Last updated September 30, 2018.
The New Jersey Law Against Discrimination (the “LAD”) has long prohibited employers from discriminating against workers based on their marital status as “single” or “married” individuals. But what does that mean for workers who are separated or divorced? What about employees who are going through a divorce?
The New Jersey Supreme Court recently answered those questions in the case of Smith v. Millville Rescue Squad, , ruling that the LAD’s protections against marital status discrimination extend to employees “who have declared that they will marry, have separated from a spouse, have initiated divorce proceedings, or have obtained a divorce.”
In other words, it’s now clear that under New Jersey law, your boss can’t fire you or otherwise take adverse employment action against you just because you and your spouse have called it quits or are in the process of doing so.
Article at a Glance
- The New Jersey Law Against Discrimination prohibits employers from taking adverse action against employees based on their marital status.
- The marital status discrimination definition extends to discrimination because an employee is in the process of getting a divorce.
- If your divorce results in a drop in productivity or otherwise negatively affects your job, your employer can take such problems into account when making decisions about promotions, raises, and similar employment questions.
Case Example: Smith v. Millville Rescue Squad
Let’s take a deeper look at Smith v. Millville Rescue Squad and how it applies to marital status discrimination laws in New Jersey.
The plaintiff in the Smith case was a long-time employee for a New Jersey township Rescue Squad. He started as a paramedic and, over the course of 17 years, rose to be Director of Operations. The plaintiff’s wife, mother-in-law and sisters-in-law were also employed by the Rescue Squad.
Sometime in 2005, the plaintiff began having an affair with his subordinate, a volunteer employee. When his wife discovered the affair, she reported it to their mutual supervisor. The supervisor allegedly told the plaintiff “that he could not promise that the affair would not affect plaintiff’s job,” and that his continued employment depended “on how it shakes down.”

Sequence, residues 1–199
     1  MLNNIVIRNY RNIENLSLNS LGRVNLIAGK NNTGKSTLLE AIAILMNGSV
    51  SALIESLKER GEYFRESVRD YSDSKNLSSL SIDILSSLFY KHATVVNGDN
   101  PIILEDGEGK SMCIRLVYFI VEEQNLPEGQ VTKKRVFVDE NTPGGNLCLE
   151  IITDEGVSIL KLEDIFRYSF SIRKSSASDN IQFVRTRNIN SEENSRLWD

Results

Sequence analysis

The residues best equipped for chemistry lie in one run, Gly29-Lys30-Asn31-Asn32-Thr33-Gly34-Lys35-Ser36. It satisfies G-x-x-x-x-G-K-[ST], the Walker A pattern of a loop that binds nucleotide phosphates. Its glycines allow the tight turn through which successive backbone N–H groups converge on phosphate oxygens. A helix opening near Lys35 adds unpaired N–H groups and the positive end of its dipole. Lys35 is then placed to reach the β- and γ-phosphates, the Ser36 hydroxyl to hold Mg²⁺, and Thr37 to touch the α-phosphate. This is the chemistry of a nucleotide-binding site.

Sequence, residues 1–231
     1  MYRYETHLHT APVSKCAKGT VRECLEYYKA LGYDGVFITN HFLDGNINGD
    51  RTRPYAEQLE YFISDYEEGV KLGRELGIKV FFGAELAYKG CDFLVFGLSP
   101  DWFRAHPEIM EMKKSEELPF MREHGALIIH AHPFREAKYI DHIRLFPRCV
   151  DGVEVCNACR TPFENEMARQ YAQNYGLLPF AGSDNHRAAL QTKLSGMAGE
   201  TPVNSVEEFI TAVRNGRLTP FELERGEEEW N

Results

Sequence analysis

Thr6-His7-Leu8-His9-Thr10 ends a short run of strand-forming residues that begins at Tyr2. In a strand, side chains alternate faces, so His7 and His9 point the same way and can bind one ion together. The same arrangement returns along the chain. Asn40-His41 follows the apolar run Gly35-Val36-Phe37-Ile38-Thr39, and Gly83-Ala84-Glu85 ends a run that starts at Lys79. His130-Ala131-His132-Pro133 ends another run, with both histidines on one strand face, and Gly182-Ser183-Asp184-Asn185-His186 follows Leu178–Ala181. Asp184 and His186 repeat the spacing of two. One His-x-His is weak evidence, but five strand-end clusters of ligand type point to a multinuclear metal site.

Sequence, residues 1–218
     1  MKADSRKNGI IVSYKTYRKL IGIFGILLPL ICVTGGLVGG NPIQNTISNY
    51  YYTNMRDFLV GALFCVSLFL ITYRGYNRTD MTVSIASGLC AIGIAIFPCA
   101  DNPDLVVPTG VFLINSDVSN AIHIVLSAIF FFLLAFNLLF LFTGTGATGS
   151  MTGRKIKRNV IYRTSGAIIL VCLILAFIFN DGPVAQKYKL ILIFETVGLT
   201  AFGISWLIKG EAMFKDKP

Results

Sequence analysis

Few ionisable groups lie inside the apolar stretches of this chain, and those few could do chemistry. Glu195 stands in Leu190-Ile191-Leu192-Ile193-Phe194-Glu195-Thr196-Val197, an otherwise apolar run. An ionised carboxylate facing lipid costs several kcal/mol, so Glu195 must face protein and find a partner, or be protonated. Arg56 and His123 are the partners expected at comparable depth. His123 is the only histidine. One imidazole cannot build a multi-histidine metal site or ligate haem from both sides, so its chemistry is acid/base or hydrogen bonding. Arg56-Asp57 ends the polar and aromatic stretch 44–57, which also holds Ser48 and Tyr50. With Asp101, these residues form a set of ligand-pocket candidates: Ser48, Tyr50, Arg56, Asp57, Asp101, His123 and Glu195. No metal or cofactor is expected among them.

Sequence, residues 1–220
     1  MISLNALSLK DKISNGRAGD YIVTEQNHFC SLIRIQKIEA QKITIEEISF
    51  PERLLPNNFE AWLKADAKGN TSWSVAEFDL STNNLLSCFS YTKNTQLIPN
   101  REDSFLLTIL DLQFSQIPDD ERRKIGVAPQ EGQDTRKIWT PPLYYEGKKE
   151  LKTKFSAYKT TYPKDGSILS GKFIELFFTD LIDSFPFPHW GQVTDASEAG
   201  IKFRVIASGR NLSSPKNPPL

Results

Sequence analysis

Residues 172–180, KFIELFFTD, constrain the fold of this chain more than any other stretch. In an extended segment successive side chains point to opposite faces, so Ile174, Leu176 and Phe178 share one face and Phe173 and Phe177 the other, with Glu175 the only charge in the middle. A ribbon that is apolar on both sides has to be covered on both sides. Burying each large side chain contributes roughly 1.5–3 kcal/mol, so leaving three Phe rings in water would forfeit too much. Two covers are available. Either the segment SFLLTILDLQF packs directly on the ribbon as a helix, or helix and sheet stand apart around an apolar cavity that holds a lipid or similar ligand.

In 2006, the plaintiff moved out of the home he and his wife had previously shared and notified his supervisor that his marriage had “collapsed.”
Shortly thereafter, the supervisor met with the plaintiff and allegedly told him that he predicted the plaintiff’s marriage would end in an “ugly divorce.” The plaintiff testified that his supervisor informed him “that if there had been even the slightest chance of reconciliation,” he would not have brought the issue to the attention of the Rescue Squad’s Board of Directors.
The supervisor then purportedly told the plaintiff, “You had eight months to make things right with your wife.” Since the plaintiff did not, the supervisor indicated he had alerted the Board and that the plaintiff was set for termination the next day.
At that point, the plaintiff asked his supervisor if he was being terminated for initiating the affair with his subordinate. His supervisor replied that if he had to terminate plaintiff, “it would be for one of four reasons”: Restructuring, poor work performance, and two reasons the plaintiff couldn’t remember by the time of trial.
The plaintiff’s termination indeed occurred the following day, after the Board convened and approved his firing. Interestingly enough, the Board minutes listed restructuring and the plaintiff’s poor performance as the reasons for his termination.
The Plaintiff Sues for Marital Status Discrimination: Lower Court Decisions
The plaintiff responded by suing the Rescue Squad under the LAD for, among other claims, discriminatory termination based upon marital status. As part of his suit, the plaintiff presented evidence that — despite the Board’s stated reasons for his termination — he had been continuously promoted. Moreover, the plaintiff argued that contrary to his supervisor’s fears, he and his wife had divorced amicably.